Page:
Date released: September 12, 2022
12 September 2022: The EPA has today published its latest figures on packaging waste in Ireland. Ireland is meeting current EU recycling targets and achieving high recycling rates for some streams such as glass, paper/cardboard and metals. However, recycling rates remain low for plastic at 29 per cent, and the share of plastic packaging treated by incineration was 71 per cent in 2020.
The EPA data shows that Ireland will face significant challenges in meeting the 2025 and 2030 recycling targets for plastic of 50 per cent and 55 per cent.
The majority of Ireland’s recycling is done abroad, with just 18 per cent of packaging waste (204,000 tonnes) recycled in Ireland in 2020, mainly glass and wood.
Most plastic packaging waste was sent for incineration, with less than one third recycled. Diversion to energy recovery is happening due to poor segregation at businesses and homes and challenges finding financially viable markets for lightweight and low-quality plastics. If the current practices continue, Ireland will struggle to meet plastic recycling targets and the climate emissions associated from managing plastic waste will continue to grow.
Commenting on the figures, Sharon Finegan, Director of the EPA’s Office of Environmental Sustainability said:
“While Ireland is meeting current recycling targets, future targets will be more challenging, especially for plastic. Achieving the step change improvement needed in plastic recycling requires fiscal and regulatory measures to be introduced without delay. This could include enhanced recycling subsidies, a levy on incineration, introducing performance targets on waste operators, and the implementation of incentivised pricing to encourage Irish businesses and households to properly segregate their waste for recycling”.
Along with improving recycling rates, measures are needed to prevent packaging waste. Ireland’s generation of 1.1 million tonnes of packaging waste per year represents a poor use of materials and energy and is a growing source of emissions. Packaging waste can be avoided and reduced through better product design and by substituting single use for reusable packaging.
Warren Phelan, Programme Manager of the EPA’s Circular Economy Programme noted:
“With Ireland’s packaging waste exceeding 1.1 million tonnes per year, we need to intensify efforts to reduce packaging waste. Examples of reusable packaging already in use in Ireland include wooden pallets, kegs, and various plastic bulk containers, trays, boxes and buckets. While just 1 per cent of the packaging placed on the Irish market in 2020 was reusable (approximately 8,000 tonnes), this avoided about 72,000 tonnes of single use packaging.”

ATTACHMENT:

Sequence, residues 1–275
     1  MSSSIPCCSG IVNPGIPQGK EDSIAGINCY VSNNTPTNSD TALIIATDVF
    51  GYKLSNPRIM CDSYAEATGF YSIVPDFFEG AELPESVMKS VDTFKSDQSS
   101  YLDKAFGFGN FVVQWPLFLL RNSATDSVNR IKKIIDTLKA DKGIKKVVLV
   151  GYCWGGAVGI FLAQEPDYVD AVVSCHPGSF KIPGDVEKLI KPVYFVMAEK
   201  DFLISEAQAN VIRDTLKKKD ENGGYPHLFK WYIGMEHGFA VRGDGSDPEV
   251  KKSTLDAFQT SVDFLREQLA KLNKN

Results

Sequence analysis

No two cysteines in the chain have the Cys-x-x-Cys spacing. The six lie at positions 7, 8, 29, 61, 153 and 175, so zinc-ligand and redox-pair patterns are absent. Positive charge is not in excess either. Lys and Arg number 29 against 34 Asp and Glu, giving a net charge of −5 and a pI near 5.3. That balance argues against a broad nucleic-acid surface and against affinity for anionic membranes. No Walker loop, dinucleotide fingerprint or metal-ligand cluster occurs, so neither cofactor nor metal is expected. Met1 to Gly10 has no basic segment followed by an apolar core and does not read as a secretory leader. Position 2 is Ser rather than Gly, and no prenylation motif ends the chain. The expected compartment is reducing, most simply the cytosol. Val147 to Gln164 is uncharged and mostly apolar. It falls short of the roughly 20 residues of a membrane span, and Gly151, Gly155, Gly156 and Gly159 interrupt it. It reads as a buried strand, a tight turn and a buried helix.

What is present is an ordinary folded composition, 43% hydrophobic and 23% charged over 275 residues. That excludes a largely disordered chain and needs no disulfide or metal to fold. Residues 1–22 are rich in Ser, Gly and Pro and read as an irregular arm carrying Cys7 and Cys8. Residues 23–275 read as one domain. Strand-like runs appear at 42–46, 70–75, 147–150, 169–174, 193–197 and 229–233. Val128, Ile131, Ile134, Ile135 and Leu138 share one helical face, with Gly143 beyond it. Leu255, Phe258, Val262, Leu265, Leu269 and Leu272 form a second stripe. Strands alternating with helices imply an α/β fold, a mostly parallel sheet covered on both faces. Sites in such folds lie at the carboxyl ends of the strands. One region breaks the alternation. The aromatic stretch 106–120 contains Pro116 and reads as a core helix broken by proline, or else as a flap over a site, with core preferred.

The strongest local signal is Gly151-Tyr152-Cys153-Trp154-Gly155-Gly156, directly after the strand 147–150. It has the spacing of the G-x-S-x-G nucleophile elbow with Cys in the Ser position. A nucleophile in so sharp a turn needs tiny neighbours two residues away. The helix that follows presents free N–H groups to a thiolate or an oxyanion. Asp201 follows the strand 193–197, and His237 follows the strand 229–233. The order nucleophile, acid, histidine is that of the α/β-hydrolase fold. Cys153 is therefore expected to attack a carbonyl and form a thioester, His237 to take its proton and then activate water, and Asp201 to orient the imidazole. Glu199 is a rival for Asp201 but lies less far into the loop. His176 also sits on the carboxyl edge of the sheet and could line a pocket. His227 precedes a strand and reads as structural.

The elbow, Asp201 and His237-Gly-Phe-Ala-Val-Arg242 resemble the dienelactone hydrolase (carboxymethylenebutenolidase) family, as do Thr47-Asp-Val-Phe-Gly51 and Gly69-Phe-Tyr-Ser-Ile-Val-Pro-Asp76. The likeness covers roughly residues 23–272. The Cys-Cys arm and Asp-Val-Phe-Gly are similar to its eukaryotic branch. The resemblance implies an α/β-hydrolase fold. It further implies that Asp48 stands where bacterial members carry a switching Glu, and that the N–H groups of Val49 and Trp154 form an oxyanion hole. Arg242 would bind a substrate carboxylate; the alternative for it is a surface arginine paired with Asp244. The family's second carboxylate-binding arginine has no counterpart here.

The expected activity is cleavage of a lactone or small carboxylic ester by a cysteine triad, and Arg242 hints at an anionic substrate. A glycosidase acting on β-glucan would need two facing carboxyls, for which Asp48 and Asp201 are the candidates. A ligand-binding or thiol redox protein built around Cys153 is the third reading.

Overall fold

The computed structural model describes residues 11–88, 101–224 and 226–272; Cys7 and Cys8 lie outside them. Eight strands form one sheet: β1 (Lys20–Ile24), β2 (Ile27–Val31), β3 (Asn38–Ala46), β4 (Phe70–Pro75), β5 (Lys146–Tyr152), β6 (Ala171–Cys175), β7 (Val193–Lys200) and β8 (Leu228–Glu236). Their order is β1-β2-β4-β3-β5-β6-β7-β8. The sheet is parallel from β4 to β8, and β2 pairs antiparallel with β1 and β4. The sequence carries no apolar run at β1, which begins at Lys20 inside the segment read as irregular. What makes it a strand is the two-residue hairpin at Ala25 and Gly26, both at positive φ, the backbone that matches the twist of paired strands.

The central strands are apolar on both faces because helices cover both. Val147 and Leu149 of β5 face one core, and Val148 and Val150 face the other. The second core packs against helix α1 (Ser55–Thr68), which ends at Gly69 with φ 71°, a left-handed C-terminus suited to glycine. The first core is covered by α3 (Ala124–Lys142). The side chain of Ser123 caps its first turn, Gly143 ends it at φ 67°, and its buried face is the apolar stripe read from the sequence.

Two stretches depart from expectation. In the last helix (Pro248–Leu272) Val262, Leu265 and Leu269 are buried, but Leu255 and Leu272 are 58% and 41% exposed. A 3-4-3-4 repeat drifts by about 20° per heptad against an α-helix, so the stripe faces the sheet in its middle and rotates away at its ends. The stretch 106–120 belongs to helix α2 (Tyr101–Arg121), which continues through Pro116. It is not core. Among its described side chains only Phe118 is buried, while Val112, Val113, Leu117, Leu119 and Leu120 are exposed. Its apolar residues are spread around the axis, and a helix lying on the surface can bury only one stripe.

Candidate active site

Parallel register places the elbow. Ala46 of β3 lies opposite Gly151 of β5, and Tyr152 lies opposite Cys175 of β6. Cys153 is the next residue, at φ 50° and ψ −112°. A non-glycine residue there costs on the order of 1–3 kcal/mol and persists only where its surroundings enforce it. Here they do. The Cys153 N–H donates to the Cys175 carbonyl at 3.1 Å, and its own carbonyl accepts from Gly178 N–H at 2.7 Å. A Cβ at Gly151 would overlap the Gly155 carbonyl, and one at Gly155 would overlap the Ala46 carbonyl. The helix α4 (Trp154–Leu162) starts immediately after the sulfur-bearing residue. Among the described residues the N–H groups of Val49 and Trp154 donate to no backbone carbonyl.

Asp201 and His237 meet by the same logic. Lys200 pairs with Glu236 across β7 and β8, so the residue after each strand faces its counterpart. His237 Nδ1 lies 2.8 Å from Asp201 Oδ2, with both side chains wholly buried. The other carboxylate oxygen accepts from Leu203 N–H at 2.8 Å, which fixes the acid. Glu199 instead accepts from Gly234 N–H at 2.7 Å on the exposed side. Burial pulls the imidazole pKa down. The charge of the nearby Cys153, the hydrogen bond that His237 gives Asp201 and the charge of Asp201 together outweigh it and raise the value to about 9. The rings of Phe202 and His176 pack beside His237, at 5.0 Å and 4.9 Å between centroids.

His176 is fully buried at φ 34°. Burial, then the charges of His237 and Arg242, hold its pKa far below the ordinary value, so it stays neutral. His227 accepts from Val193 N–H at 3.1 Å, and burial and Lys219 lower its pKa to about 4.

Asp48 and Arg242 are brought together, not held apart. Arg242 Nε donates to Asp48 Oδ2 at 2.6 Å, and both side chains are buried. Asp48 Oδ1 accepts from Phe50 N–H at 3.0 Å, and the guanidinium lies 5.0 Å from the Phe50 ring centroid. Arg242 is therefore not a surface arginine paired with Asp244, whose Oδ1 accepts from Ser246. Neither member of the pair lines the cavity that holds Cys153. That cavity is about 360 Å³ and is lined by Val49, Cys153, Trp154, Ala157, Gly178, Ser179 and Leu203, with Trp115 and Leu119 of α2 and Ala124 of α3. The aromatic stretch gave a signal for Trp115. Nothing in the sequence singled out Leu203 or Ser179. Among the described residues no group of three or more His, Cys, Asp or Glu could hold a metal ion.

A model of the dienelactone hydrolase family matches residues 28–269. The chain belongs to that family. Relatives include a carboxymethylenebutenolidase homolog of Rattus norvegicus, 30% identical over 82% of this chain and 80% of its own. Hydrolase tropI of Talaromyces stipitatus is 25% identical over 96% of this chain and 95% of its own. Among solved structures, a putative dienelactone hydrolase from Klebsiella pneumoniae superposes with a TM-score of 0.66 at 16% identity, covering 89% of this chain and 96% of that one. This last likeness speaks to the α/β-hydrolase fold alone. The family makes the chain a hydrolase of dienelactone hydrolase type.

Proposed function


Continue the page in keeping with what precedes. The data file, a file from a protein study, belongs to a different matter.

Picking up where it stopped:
The report Packaging Waste in Ireland in 2020, is now available on the EPA website.
Contact: Emily Williamson, EPA Media Relations Office, 053-9170770 (24 hours) or email@example.com.
Notes to Editor
The EPA compiles official statistics on waste generation and treatment in Ireland. These are used for reporting on Ireland’s performance in meeting its legal obligations, for policy and waste management planning purposes and to inform the general public. Data are compiled through surveys of waste operators and administrative data sources, in cooperation with other public authorities.
Circular economy: A circular economy is one where materials, including packaging, are recirculated and used again and again and waste is minimised. To facilitate the move to a more circular economy, the European Commission adopted the EU’s first Circular Economy Action Plan in 2015. It updated pre-existing European waste legislation, tightened existing targets and introduced a range of new targets. The EU’s second Circular Economy Action Plan, adopted in 2020, focuses on accelerating the transition of Europe’s economy towards a more circular model. The Irish Government published a new national waste policy, A Waste Action Plan for a Circular Economy, in September 2021.
Recycling means any recovery operation by which waste materials are reprocessed into products, materials or substances whether for the original or other purposes. It includes the reprocessing of organic material but does not include energy recovery and the reprocessing into materials that are to be used as fuels or for backfilling operations.
Recovery means any operation the principal result of which is waste serving a useful purpose by replacing other materials which would otherwise have been used to fulfil that function, or waste being prepared to fulfil that function, in the plant or in the wider economy. Annex II of the Waste Framework Directive (2008/98/EC) sets out a non-exhaustive list of recovery operations, which include material recovery (i.e. recycling), energy recovery (i.e. use a fuel other than in direct incineration, or other means to generate energy) and biological recovery (e.g. composting).